More than 300 women from across 43 sports will be directly involved in the 2019 Women Leaders in Sport program, with successful applicants announced on Sunday by Minister for Sport Bridget McKenzie and Minister for Women Kelly O’Dwyer.
Among the recipients are six women who are or have been involved with the Australian rowing community. Receiving individual grants for specific courses are Rowing Australia High Performance Pathway Manager, Naomi Wagstaff, and Rowing WA Board Director and Executive Officer of the Public Schools Association Verity Keogh. Four women from the rowing world have been invited to attend individual workshops – New South Wales-based rowing coaches Katrina Davis and Chloe Congdon, Rowing Australia Communications and Government Relations Manager, Lucy Benjamin and former Australian Rowing Team doctor, Dr Pip Inge (who now works with Cricket).
The Women Leaders in Sport program, a partnership between Sport Australia and the Office for Women, was established in 2002 and continues to develop the leadership potential of female coaches, officials and administrators.
Minister McKenzie said it was positive to see the rising recognition of female athletes and teams on Australia’s sporting landscape, and programs such as Women Leaders in Sport ensured females will continue to have opportunities to progress in non-playing roles.
“The rising profile of female athletes, teams and leagues is vital for promoting sporting role models, who help to inspire and motivate young girls to be active,” Minister McKenzie said.
“It has been an amazing week for our female athletes with the Southern Stars winning the T20 Cricket World Cup; surfer Stephanie Gilmore becoming world champion for an incredible seventh time and whitewater canoeing champion Jessica Fox named as NSW Sports Athlete of the Year.
“These examples, supported by the Women Leaders in Sport program, will help women aspire and progress to leadership positions in the sporting industry whether that’s as a coach, official or administrator.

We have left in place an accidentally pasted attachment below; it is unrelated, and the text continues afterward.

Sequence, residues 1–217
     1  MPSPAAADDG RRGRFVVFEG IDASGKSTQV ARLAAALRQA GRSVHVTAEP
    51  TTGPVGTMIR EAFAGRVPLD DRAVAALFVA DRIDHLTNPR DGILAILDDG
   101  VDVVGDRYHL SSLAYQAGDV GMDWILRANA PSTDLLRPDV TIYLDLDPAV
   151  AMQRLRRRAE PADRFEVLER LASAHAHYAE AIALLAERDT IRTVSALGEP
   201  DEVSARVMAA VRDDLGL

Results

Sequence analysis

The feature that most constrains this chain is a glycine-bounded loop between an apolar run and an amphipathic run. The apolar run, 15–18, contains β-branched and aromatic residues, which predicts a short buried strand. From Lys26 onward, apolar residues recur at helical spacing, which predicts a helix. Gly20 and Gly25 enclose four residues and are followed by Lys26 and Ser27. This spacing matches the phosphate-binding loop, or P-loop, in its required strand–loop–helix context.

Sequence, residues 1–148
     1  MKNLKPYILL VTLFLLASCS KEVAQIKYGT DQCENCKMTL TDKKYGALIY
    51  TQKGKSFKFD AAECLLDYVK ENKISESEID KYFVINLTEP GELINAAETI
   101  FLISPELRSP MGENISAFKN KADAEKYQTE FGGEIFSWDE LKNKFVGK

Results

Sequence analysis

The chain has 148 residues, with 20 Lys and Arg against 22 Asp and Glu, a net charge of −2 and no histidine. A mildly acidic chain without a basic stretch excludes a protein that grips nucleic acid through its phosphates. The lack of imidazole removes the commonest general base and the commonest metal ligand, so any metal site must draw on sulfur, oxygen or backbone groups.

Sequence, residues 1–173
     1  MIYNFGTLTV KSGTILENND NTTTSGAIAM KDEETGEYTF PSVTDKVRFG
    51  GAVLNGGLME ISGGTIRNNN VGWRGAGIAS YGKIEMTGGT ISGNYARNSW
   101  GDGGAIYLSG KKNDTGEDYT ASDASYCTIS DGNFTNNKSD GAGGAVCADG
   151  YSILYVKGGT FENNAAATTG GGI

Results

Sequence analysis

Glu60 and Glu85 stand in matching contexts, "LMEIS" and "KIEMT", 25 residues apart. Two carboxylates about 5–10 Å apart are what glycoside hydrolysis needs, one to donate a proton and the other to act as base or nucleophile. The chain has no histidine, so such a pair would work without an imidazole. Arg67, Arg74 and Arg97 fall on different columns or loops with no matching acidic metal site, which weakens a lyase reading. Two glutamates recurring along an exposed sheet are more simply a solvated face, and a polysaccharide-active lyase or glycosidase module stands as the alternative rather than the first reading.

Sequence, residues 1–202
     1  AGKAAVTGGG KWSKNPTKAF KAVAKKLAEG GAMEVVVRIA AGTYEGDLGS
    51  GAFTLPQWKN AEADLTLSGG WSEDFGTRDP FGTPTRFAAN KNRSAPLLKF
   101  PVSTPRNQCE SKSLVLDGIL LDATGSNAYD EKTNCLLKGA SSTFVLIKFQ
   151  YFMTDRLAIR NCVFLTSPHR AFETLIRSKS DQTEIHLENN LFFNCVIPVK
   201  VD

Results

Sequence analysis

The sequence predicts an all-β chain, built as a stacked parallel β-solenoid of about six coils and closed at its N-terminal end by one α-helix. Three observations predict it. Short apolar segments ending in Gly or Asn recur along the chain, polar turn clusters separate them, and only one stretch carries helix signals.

“The successful recipients include experienced administrators like Head of the Women’s National Basketball League Sally Phillips through to athletes like Australian cyclist Rachel Neylan looking at potential beyond competition.
“The rich diversity of Australian sport is symbolised by the variety of sports involved in next year’s Women Leaders in Sport program, so many sports from Archery and Athletics through to Weightlifting and Yachting.
“The national reach of this program is also represented by grants to sporting organisations across the country, including bodies such as Gymnastics NSW, Life Saving Victoria, Queensland Cricket Association, Netball SA and Basketball WA.
“Every Australian state or territory, from metropolitan and rural areas, will have participants involved in the 2019 Women Leaders in Sport program.”
Minister O’Dwyer said the Coalition Government would continue to work towards improving gender diversity across all industries, including sport.
“We know that the different perspectives women bring can have a positive impact on all industries and sport is no exception,” O’Dwyer said.
“Women Leaders in Sport program has had a long and lasting impact, reaching more than 24,000 women since its inception in 2002.”
“As a sport loving nation, we want Australia’s female athletes to be the best they can be.”
Total grants of almost $244,000 will be distributed to 60 individuals and 10 organisations to assist women with their professional development. In addition to the 60 individual grant recipients, more than 110 more women will also be invited to attend leadership workshops staged around the country.